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True fungus's etc.
Years ago life seemed to be easier. Aquari-sol, Chloramphenichol HCL(Sp?)and
E.M. Cured just about everything. Now Aqiari-sol kills snails,
Chloramphenichol HCL(Sp?) is harder to come by than four legged chickens and
E.M. doesn't seem to cure anything anymore. (I never kept snails in the
past.) I suddenly find myself wantonly lacking in veterinary skills, when it
comes to killifish. I would therefore like to pose a few questions to you
in an effort to get up to speed. I hate to take you away from your water
changes, but I believe that the stupidest question is the one I don't ask.
I have recently lost a few A. Celiae Celiae to a true fungus. These fish
have a habit of hiding in the Java Moss so I missed the onset I assume that
it happened during a time period when the heaters were unplugged after a
water change and the temperature dropped into the low sixties. The fish
took weeks to die. To make matters worse the fungus coincided with a velvet
outbreak. This was also no doubt brought on by the cold. I dealt with the
velvet originally with Acrifalvine and then with aquarium salt upon
reoccurrence about two weeks later. Neither was effective on the fungus.
When the fungused fish died I thought that I had seen the last of it. But
as one might anticipate another fish became sick. It developed a patch of
fungus on one side immediately behind the dorsal fin. I decided to try the
salt water dip idea someone proposed for advanced velvet. It seems to have
produced positive results removing the stringy white growth. I am watching
to see if the fish heals. Never the less I probably should treat the entire
tank for fungus to totally eradicate the disease. The plant life is
decimated but there are still few snails which I would hate to kill off
without cause. During the salt water dip I noticed the white stringy nature
of the growth causing me to revise my diagnosis to true fungus. I was
treating the tank with E.M. and kanamycin Sulfate assuming that the disease
was probably bacterial. Neither was effective except to stress the snails.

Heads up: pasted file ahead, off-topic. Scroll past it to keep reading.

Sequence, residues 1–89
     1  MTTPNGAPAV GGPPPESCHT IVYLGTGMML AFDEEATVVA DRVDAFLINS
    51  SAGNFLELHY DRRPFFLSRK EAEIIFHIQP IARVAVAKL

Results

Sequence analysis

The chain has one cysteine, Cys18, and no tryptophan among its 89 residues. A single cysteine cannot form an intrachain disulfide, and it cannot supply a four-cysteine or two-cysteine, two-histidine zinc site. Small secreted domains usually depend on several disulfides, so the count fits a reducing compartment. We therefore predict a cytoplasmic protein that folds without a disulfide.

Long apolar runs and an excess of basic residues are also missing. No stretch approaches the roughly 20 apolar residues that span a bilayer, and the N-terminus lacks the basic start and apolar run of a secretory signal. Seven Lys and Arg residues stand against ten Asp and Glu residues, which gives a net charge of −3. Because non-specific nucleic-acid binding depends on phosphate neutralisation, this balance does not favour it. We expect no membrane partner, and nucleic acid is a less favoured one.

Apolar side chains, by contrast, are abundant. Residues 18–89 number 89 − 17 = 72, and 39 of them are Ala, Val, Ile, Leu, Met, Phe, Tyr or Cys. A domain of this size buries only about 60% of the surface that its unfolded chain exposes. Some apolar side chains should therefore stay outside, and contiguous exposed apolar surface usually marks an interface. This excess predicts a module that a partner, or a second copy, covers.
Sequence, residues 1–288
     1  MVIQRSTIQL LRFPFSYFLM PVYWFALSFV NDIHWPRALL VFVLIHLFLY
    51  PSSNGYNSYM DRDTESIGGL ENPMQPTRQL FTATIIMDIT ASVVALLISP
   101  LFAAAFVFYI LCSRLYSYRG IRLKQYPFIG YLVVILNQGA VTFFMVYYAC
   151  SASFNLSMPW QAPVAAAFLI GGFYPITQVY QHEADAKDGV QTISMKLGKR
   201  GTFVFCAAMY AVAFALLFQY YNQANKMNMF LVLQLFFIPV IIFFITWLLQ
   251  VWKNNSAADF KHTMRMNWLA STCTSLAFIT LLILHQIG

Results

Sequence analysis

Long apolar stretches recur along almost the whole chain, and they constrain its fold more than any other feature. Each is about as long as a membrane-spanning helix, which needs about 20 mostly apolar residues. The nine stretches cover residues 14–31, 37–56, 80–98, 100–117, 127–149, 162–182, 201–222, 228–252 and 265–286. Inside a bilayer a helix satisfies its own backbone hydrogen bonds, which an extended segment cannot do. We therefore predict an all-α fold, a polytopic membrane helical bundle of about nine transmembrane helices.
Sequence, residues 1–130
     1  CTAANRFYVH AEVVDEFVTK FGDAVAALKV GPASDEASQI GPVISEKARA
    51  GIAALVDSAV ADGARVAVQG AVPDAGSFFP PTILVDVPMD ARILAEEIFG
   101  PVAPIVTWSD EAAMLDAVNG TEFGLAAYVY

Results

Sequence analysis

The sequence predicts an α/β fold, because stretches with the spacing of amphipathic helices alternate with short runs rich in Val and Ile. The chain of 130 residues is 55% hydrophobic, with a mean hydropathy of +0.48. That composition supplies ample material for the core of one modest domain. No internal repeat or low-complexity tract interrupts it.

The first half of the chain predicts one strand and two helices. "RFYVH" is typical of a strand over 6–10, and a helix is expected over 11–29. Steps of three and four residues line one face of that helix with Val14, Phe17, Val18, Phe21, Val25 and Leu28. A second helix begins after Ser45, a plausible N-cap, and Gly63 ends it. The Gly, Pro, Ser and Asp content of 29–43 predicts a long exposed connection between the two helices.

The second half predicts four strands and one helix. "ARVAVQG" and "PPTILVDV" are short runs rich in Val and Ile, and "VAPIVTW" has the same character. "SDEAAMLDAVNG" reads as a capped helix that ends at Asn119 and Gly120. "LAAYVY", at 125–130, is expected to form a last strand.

So folks, is there a silver bullet for true fungal infections?
I have been keeping fish for a very long time, I usually used larger tanks
where catfish made the best scavengers. Therefore I have not kept snails for
at least a couple of decades. For small aquaria, especially where I am
breeding killies I have not been able to find a better scavenger or algae
eater than snails. I am beginning to find that they have their shortcomings
when it comes to treating fish. If I were to remove snails when treating a
fish tank with something snails can not tolerate how can I prevent
reintroducing the illness when I return the snails to the original tanks?
Is this a even a valid concern?
In my travels through my basement I found the following chemicals;
Formaldehyde, Malachite Green, Quinine and methylene blue. I was wondering
if these products are actually the best course of treatment for anything.
I tried quinine on salt water Oodinium and Cryptocarion (Sp?)in an effort to
treat the fish without killing off the inverts. It failed.
I used methylene blue to prevent egg fungusing. Acriflavine did a much
The formaldehyde is still in its original blister pack so I never used it
for anything and I am not sure why I bought it.
The instructions on one of the malachite green bottles indicate that it also
contains formaldehyde. The bottle claims that it treats Ich. But upon
reflection I am sure that I don't even know what malachite green is, much
less what it is really good for. Someone must have recommended it for
something in salt water years ago.
In salt water formaldehyde is used in solution with copper sulfate to kill
Oodinium. I read the thread about killing hydra with Formaldehyde, but
aside from that does anyone really know what it or any of these products are
good for in fresh water and at what dosage?
I have been reviewing my notes on Notho Fade Away and I have noticed that
this condition seems to occur much more commonly when the fish are in tanks
which have more aeration and/or faster currents. Does anyone know what the
current or dissolved oxygen rate would be in the fish's natural environment?
Does anyone else feel that the current or amount of dissolved oxygen in the
water could adversely impact Nothos?
By the way, my point about new pennies no longer being copper may have been
valid but I stand corrected about new pennies being an aluminum alloy, this
was a regrettable restatement of bad information I had received elsewhere, I
am glad someone took the time to make the appropriate correction.
Finally I would like to conclude with an observation. After thirty years of
keeping fish the most important thing that I have learned is that to know
one thing comes with the price of also knowing that you no longer know
something else for sure.
I am grateful for the benefit of your experience. Thanks in advance for your
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